Julie Chen, who has co-hosted the award-winning CBS show “The Talk” since it began almost a decade ago, announced Tuesday that she would leave the program as her husband, the former network chief Leslie Moonves, continues to combat sexual harassment allegations against him.
In a video message that was broadcast on “The Talk,” Ms. Chen, 48, said she was departing because “right now, I need to spend more time at home with my husband and our young son.” She did not mention Mr. Moonves by name.
Still, the decision comes just nine days after Mr. Moonves, 68, stepped down as the chief executive of the CBS Corporation amid accusations by a dozen women of sexual misconduct.
Before playing the video message, one of the talk show’s hosts said that Ms. Chen had recorded it from the set of the CBS reality television show “Big Brother,” where she was said to be “working on” Wednesday night’s episode.
Three spokeswomen for the network did not immediately respond to an email Tuesday night seeking additional clarification about Ms. Chen’s future involvement with “Big Brother.” The season finale is scheduled for later this month.
“All of us here have tremendous appreciation for the dedication and passion she brought to the show every day and for her generous role as an ambassador for CBS Daytime,” CBS said in a statement about Ms. Chen’s departure. “We are grateful for her many other contributions, respect her decision and wish Julie all the best in everything she does.”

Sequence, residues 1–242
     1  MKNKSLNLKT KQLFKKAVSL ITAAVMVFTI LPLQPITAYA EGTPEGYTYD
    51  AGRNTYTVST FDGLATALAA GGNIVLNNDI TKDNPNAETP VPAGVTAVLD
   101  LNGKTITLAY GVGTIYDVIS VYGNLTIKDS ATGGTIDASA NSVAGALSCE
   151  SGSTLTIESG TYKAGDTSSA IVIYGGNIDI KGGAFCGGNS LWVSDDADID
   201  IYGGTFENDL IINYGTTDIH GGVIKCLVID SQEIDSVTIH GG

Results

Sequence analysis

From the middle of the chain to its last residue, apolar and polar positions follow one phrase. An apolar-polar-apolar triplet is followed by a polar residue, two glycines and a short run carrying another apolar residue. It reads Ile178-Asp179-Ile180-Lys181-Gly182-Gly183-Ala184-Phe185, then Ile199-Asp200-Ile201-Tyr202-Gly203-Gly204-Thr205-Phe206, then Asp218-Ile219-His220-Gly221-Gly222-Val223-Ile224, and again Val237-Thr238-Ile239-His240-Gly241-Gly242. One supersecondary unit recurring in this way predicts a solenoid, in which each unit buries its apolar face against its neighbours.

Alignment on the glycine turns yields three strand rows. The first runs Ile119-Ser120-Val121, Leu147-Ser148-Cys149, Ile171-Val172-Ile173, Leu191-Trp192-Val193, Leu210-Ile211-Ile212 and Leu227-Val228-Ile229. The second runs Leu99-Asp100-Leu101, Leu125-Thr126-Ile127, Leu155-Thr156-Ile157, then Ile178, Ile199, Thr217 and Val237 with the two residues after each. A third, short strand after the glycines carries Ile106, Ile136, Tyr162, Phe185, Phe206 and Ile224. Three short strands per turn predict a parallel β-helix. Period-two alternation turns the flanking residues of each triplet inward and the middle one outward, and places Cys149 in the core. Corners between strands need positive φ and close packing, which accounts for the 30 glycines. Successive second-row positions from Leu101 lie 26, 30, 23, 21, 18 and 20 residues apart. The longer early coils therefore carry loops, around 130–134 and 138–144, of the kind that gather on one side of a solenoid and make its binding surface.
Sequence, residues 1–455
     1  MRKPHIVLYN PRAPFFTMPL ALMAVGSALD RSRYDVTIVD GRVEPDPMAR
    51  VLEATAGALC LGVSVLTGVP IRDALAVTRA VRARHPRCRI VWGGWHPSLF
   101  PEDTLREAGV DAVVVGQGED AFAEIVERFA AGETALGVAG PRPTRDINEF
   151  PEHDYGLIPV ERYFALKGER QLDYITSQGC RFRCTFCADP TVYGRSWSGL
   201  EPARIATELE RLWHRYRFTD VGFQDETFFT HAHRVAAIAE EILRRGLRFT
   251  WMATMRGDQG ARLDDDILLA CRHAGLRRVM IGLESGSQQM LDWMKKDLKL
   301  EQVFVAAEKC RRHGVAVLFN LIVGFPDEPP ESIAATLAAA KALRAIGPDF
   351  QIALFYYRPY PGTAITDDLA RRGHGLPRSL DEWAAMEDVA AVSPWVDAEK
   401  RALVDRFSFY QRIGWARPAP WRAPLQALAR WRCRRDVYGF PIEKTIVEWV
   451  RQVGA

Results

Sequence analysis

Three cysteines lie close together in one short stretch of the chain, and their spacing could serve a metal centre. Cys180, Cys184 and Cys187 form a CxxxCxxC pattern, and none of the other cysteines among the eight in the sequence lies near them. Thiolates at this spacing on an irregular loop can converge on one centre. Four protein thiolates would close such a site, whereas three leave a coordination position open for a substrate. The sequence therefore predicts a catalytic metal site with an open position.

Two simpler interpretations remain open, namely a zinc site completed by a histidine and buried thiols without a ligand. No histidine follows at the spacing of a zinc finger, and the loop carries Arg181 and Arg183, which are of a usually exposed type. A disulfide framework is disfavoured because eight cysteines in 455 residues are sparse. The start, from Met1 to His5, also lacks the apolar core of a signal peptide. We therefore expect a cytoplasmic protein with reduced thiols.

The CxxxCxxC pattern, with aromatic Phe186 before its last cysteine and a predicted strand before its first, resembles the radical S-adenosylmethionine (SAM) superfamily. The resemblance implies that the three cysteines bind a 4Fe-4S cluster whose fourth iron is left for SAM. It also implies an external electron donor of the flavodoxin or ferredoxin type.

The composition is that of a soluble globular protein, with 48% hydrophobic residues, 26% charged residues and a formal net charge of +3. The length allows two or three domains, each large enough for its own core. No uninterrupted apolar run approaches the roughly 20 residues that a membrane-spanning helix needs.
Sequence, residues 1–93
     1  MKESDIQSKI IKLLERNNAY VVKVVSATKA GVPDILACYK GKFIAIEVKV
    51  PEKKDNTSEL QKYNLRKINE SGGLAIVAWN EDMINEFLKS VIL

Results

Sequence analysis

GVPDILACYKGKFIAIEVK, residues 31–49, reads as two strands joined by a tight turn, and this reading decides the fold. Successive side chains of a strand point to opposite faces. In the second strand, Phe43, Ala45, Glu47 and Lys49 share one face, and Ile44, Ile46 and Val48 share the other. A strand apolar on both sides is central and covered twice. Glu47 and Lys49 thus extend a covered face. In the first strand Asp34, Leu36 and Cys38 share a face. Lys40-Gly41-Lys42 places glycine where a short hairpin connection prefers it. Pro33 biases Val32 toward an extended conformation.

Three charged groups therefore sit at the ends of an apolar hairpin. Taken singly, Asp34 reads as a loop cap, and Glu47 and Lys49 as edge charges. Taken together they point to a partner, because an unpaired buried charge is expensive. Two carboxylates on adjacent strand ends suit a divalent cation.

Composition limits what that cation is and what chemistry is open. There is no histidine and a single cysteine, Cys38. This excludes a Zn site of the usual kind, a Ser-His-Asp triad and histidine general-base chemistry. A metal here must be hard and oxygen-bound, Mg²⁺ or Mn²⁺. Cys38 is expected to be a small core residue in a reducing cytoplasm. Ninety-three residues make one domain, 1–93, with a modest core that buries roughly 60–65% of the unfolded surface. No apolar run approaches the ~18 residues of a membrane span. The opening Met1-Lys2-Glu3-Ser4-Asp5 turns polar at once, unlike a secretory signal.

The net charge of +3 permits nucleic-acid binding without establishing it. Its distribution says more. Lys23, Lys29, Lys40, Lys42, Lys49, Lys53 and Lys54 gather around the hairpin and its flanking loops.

Last week, Ms. Chen said she was “taking a few days off” from “The Talk” to be with her family. She has defended her husband since the allegations against him emerged.
In July, The New Yorker published an article by the investigative journalist Ronan Farrow in which six women accused Mr. Moonves of sexual harassment. Then, on Sept. 9, the magazine published another article by Mr. Farrow in which six more women detailed claims against Mr. Moonves.
In a statement that CBS shared with The New Yorker for the July article, Mr. Moonves said: “I recognize that there were times decades ago when I may have made some women uncomfortable by making advances. Those were mistakes, and I regret them immensely. But I always understood and respected — and abided by the principle — that ‘no’ means ‘no,’ and I have never misused my position to harm or hinder anyone’s career.”
After the July article was published, Ms. Chen responded with a statement she posted on Twitter, saying she had known Mr. Moonves since the 1990s and noting that she had been married to him for almost 14 years.
“Leslie is a good man and a loving father, devoted husband and inspiring corporate leader,” she wrote. “He has always been a kind, decent and moral human being. I fully support my husband and stand behind him and his statement.”
Then, on last Thursday’s episode of “Big Brother,” which Ms. Chen has hosted since it first aired in 2000, she signed off in a way she reportedly never had before.
“I’m Julie Chen Moonves,” she said. “Goodnight.”